White balance setting in camera when using flash gels

Discussion in 'Wedding and Event' started by mr_marks, Feb 24, 2010.

  1. Hi, what white balance setting do you use in your camera when you're using gels with flash? Do you set the white balance to auto or a certain color temperature depending on the ambient lighting? I usually take a photo of a 18% gray card which I use later in ACR for white balance correction. When using gels, how should I take the photo of the gray card - with the gel on or off? Thanks for your inputs.
  2. I use auto white balance since I capture 100% RAW that's one ingredient I can correct in Bridge.
    If you capture in RAW this can be postponed. I primary do weddings which is pretty fast paced, a variety of locations and lighting.
  3. if you're shooting in some tacky nightclub that uses lots of different coloured flourscent lights, you can use a window green (or 3/4 window green, salt to taste) on the flash and set your camera white balance to florescent
    if you're shooting indoors, say a wedding reception with lots of tungsen, CTO your flash and set white balance to that.
    however, it really depends on the amount of ambient you're working with, since you could be shooting a scene where tungsen and floroscent are all over the place, in which case you'd first want to see which ambient light sourse is more dominant. if tungsen is more major, CTO your flash and balance for that. there will be some colours being off due to flouroscent and there're two major solutions i use, both with their own pros and cons
    1. lower the ratio of ambient vs. flash. if you key with flash, you could up the shutter speed (limited to your camera's sync speed) to let the flash become more dominant. it may be necessary to close down your aperture and up the flash power/distance, each having their own impact on the overall lighting
    2. on top of #1, i've tried to gel the flash at 3/4 CTO and put my white balance to that (using temperature values) to success in SOME cases. this is the sketchy way to make a mid-way between the ambient flouro and tungsen. these two methods are more likely to succeed if you fill with ambient and key with flash since you're colour corrected to the dominant light source.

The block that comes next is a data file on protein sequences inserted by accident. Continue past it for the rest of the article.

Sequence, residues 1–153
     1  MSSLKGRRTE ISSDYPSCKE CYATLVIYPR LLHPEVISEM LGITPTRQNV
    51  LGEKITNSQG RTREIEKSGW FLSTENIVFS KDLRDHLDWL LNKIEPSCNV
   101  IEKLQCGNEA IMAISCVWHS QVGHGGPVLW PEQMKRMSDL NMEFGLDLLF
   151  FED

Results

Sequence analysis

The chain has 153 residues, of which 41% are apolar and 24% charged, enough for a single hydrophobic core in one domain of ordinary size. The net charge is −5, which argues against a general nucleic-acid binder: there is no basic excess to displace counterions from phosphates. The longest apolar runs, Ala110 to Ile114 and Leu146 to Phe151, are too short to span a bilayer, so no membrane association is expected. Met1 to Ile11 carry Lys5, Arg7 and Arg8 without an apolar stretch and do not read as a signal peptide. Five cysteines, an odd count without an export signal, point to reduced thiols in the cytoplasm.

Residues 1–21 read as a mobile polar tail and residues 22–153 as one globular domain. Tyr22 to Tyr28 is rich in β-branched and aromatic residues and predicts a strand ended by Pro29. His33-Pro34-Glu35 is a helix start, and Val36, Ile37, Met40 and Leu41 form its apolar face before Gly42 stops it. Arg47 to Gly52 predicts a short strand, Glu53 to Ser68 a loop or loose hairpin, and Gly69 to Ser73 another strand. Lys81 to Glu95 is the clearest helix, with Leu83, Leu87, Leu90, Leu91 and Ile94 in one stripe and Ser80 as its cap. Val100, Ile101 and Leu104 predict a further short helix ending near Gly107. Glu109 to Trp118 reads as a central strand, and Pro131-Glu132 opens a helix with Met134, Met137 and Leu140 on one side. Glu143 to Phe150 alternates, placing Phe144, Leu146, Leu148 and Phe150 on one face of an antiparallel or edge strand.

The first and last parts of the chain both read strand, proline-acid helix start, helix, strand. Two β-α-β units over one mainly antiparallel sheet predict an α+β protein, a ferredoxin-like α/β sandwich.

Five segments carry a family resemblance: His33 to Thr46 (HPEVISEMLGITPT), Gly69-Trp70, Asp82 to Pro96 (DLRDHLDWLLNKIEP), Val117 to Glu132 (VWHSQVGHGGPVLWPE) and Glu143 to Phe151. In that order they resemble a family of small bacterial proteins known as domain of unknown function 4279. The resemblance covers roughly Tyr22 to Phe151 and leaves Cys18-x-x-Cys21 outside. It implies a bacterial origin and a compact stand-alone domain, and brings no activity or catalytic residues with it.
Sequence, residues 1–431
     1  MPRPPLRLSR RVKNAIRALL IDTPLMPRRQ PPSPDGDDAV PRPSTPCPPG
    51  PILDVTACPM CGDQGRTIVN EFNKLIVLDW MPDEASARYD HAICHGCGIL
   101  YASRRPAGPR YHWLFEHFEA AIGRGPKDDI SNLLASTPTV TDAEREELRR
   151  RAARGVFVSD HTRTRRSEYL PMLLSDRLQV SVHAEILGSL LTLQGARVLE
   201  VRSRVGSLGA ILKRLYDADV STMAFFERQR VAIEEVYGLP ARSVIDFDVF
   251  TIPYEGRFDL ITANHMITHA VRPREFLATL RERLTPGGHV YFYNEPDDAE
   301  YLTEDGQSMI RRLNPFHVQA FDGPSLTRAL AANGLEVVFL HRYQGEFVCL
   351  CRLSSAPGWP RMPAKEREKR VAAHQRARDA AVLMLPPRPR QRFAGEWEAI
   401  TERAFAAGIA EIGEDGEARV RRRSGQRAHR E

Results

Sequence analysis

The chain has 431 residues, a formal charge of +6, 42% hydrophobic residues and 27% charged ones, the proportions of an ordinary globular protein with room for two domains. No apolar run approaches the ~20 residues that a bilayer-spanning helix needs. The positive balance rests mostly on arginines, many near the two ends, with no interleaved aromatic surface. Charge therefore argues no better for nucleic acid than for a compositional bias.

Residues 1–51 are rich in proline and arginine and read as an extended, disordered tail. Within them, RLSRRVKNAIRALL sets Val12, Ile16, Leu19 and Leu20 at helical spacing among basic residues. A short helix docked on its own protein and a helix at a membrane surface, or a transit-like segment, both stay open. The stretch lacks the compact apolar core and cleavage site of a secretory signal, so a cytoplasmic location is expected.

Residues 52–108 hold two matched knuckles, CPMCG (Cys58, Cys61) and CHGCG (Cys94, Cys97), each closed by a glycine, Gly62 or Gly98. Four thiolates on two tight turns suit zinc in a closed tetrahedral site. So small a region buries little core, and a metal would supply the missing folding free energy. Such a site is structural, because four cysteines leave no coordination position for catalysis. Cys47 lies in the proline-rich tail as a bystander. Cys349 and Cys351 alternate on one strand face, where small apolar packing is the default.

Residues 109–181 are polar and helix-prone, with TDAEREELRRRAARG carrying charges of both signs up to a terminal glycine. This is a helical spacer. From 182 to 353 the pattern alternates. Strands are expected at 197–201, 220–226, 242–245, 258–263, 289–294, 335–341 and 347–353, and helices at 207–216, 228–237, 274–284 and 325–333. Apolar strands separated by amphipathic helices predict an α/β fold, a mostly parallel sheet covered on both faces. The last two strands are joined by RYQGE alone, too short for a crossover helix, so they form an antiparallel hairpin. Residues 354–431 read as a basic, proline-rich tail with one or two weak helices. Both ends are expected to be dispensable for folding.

3. more slaves - add a slave flash to the tungsen light source with a full CTO, out of sight (so it 'becomes' tengsen). CTO your main flash, then balance for that. you might need to heavily soften out/gobbo the slave flash to mimic the original tungsen light source. you are now able to 'control' the ambient tungsen light source via aperture and shutter speed and the slaved 'tungsen' light via aperture and flash power. doing things this way means overpowering/ reducing the effects of the flouroscent, stopping it throwing off your colours instead of trying to find an incompetent middle ground.
    further more, shoot in RAW. auto white balance only really works when there's a single dominant, identifiable light source, but there're often too many curveballs to throw it off chart.
  4. Mr. Marks: short answer - grey card picture under the circumstances you're going to photograph everything else. So with the flash gelled.
  5. Alex, that was a good article. Thanks!
  6. Alex, do you leave your camera white balance setting to auto? I assume you're capturing in RAW.
  7. Mr. Marks, no I usually set it to custom WB based on the target that I shoot. I like everything to be consistent all the way through. I do shoot in RAW, so all can be adjusted later if a few are off because of a more dominant light source. If things aren't looking quite right I'll use the master WB grid adjustment to fine tune it. Theoretically, I could just shoot AWB and have the extra information of the camera. It's all personal preference. I sometime shoot events where I don't have the luxury of working in RAW as some clients want the JPEGS immediately, so if I shoot like this, I'm always prepared.
  8. When I use a gel, I set my white balance manually. I choose a K temp and use that. Normally, I just use auto white balance because I shoot RAW and fine tune white balance in post. If you are using a gray card to get a custom white balance, you should have the gels in place before taking the reading. If you shoot RAW, you could just use the camera's presets as they will get you close enough.
  9. What is CTO/CTS?
  10. I always thought CT stood for color temperature. The O is orange. The S is straw. These are names for gels, usually describing the color of the gel.

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